4. Great photos, and so true.I once tripped and fell literally flat on my face, walking with Sarge in Manhattan while gazing upwards. It’s a miracle I didn’t break my nose, cause that was the first thing to make contact with the asphalt.

  5. Very complex forces act upon buildings which give them their final shape and form. Suffice it to say that these buildings were erected in an era of significantly cheap(er) and craft-oriented labor. Raw materials were more abundant and of higher quality. By the mid-century, the appearance of the Seagram Buildings and Lever Houses of the world, were a direct response to market pressures, post-war material availability and the rapid decline in craftsmanship. I won’t defend Gehry, but I will argue that there are many buildings being made today that are quite lovely in their own right. But the criteria by what you judge these buildings from previous periods cannot be applied to contemporary works…

  6. Leah! You’re a native! I’m surprised at you.PG: How many times do you need to be told NEVER SAY NEVER.Map: The cathedral is an excellent analogy. And you are correct to take a fresh look at your own city.JZ: Thanks for the lesson! I use to work a half block the Seagram Building and Lever House and don’t understand the fuss. Was it the first floor-through? Is that the big deal?[Note to everyone: JZ is an architect and really knows his shit. Much moreso than a palooka like me.]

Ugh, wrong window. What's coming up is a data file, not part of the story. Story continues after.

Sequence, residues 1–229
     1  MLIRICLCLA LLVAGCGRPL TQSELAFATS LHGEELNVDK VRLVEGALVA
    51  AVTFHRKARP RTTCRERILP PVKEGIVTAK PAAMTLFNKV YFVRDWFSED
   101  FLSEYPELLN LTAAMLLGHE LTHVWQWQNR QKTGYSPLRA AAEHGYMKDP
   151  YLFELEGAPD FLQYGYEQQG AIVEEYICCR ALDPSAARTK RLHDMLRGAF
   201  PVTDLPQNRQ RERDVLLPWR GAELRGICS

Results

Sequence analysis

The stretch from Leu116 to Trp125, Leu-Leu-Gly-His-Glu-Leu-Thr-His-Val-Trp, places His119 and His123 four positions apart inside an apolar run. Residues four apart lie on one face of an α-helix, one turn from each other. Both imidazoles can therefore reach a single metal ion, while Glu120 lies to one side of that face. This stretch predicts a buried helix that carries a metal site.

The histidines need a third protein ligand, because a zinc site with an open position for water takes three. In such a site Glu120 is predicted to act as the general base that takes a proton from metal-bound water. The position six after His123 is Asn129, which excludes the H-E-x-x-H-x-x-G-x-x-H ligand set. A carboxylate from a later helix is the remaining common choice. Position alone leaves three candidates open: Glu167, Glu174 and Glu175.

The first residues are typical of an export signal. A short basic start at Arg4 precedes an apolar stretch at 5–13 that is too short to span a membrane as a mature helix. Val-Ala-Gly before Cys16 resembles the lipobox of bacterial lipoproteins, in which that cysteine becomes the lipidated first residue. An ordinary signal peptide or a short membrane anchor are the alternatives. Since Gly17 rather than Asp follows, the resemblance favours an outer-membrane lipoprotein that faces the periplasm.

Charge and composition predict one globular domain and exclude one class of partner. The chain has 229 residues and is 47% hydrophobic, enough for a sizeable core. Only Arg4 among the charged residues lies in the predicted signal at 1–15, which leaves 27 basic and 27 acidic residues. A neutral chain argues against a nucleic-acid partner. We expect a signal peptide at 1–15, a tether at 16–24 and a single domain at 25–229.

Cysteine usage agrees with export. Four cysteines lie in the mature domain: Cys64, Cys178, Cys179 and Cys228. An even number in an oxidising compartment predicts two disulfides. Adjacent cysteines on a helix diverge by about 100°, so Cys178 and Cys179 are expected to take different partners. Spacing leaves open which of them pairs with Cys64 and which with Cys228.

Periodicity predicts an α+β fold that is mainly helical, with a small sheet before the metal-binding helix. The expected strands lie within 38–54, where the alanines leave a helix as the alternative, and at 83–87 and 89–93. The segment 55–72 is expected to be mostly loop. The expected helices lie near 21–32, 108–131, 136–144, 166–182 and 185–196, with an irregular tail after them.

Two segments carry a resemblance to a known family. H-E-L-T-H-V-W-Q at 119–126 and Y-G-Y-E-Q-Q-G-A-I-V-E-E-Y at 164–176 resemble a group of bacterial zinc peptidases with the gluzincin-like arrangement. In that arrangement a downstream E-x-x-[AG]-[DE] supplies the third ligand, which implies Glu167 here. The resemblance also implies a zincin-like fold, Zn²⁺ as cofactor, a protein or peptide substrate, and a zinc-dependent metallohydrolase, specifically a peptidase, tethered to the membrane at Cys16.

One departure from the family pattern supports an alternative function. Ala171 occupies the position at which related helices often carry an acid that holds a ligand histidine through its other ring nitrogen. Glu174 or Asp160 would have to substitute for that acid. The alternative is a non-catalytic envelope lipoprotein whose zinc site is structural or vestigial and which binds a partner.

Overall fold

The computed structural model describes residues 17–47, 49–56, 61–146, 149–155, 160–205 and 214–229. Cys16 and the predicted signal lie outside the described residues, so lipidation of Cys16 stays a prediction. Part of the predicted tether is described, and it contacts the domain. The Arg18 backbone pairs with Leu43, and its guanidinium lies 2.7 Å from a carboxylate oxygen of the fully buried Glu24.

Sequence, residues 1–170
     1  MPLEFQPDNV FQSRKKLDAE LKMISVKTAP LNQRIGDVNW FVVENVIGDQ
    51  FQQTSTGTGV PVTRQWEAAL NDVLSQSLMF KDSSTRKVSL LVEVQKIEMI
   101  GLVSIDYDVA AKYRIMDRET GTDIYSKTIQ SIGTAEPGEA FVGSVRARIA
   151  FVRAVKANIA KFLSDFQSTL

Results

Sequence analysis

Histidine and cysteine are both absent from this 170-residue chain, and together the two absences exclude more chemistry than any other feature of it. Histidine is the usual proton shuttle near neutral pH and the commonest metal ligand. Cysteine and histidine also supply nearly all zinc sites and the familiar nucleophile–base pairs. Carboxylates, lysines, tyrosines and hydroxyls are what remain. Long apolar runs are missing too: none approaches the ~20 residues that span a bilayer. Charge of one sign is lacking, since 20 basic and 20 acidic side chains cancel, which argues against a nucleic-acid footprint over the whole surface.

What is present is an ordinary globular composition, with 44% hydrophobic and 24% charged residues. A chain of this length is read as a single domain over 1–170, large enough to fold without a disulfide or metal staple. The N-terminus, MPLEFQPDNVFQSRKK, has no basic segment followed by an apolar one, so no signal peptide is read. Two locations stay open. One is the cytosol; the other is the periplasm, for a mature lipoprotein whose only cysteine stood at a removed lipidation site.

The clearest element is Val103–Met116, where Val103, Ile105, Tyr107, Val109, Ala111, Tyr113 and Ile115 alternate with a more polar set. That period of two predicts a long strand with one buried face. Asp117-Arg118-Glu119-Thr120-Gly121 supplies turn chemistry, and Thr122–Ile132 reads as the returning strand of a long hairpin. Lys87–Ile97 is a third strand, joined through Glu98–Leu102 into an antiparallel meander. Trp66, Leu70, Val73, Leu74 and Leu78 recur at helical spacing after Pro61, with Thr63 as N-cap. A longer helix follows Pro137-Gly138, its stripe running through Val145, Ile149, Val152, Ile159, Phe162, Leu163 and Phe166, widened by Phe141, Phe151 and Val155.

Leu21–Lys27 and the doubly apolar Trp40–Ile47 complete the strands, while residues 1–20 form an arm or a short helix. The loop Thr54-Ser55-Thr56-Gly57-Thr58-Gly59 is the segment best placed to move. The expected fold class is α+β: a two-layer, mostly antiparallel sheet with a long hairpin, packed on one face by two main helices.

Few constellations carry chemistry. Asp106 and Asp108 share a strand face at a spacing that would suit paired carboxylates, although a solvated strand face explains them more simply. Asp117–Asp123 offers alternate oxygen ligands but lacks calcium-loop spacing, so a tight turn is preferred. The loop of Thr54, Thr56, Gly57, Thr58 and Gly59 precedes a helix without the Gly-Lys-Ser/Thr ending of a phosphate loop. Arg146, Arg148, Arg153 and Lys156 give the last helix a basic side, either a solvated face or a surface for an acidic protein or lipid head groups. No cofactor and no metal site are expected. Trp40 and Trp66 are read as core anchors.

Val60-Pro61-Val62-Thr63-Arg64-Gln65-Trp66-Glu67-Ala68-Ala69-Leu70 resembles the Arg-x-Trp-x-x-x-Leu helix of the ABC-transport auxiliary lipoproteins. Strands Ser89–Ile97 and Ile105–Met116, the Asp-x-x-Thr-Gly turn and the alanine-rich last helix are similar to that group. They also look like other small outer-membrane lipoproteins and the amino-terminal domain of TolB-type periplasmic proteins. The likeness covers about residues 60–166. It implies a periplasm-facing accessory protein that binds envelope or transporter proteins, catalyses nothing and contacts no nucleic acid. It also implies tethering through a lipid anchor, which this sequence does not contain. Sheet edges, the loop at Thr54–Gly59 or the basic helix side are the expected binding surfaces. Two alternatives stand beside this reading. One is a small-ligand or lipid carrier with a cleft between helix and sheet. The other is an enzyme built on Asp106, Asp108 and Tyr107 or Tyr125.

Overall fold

7. You could say there were NYC skyscrapers before Lever House and there were skyscrapers after….the arrangements of public space, use of glass, steel and reinforced concrete and the streamlined form (not to mention one of the first buildings to be entirely without operable windows!) were all firsts in NYC and were “copied” ad nauseum for decades to come…..I’m one of those jerks who can’t just like or not like something for the way it looks….i have to go and contextualize it with history….such a downer at parties, let me tell you…..

  8. the RCA building is breathtaking – especially for a geekgrl who’s taken graduate classes in “radiation and matter” and could (at one time) derive Maxwell’s equations! WOW! science, art and architecture – all tucked sneakily away along a magnificent skyline.damn. you’ve got a good eye, and a great way with words…

  9. JZ: I give the Worst Idea Ever Award to inoperable windows. Daisy: Thanks, but it doesn’t take a keen eye at all. It’s all out in the open. You just have to pay attention.Jimmy: I’m proud of this old town but I’m going to give the edge to Barcelona for architecture. They’ve been at it a LOT longer than we have. New York isn’t “beautiful” the way Barcelona is.

  10. I’ve always love deco architecture. Lately, and admittedly I know little to nothing about architecture, I’ve been impressed by some of the newer buildings. Can’t say that was the case in the 80’s and 90’s.